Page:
Wednesday, December 9, 2015

.מד Protecting the Sinners

רבי יוסי הגלילי אומר הירא ורך הלבב זהו המתיירא מן העבירות שבידו לפיכך תלתה לו התורה את כל אלו שיחזור בגללן
Well, I wasn't as active as I had hoped to be for סוטה. To end off, I want to quote one of my favourite הערות - because it is from my son, Efrayim. He made this observation a couple of years ago when he was 10 years old:

In a book of meshalim on the parsha, it is told that a group of maskilim once produced a satirical play about a Jewish army that was led to war according to the guidelines spelled out in פרשת שופטים  (20:5-8). The officer first announced that anyone who recently built a new house should return, upon which a thousand men got up and left the battlefield. The same occurred after the following announcements regarding having planted a vineyard or having recently betrothed a future wife. In the end, only the Vilna Gaon and the Sha'agas Aryeh remained.

The Brisker Rav, upon hearing of this production, commented that it was completely accurate, only that they left out the most important part - that they still win the war!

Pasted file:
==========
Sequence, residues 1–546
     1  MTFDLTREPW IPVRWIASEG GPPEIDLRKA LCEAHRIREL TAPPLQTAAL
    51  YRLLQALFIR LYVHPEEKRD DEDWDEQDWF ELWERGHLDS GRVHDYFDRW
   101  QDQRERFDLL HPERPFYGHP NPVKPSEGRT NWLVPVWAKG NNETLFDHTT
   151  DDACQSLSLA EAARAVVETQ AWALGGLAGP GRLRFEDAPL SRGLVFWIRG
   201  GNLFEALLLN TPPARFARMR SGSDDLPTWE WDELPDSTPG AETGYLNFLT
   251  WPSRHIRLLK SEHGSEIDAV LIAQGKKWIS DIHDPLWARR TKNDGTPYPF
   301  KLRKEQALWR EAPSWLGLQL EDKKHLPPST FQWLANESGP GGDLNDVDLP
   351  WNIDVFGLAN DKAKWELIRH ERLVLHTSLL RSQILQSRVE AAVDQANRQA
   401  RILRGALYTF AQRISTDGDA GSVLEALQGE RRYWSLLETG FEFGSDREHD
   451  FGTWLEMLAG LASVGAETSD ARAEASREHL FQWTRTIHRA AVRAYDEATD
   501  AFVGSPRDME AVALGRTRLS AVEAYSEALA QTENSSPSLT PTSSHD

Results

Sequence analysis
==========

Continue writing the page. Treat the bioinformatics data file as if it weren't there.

Efrayim took issue with the way the process was related in the play, based on our משנה. There is a dispute over the term ירא ורך לבב. Rabbi Akiva asserts that it is understood literally as someone who is fearful of combat. Rabbi Yosei HaGelili, however, maintains that it refers to someone who is fearful based on his transgressions that he will not merit to survive the war. He goes on to explain that this is why the Torah created the other exceptions, to save the fearful one from embarrassment as no one will know exactly why he is leaving the battlefield. Efrayim objected that in order for this arrangement to work, it would be futile to dismiss each group after each announcement. Clearly, they must have made all four declarations at once at which point all those subject to exemptions would leave together, thus concealing those who left because of their sins.

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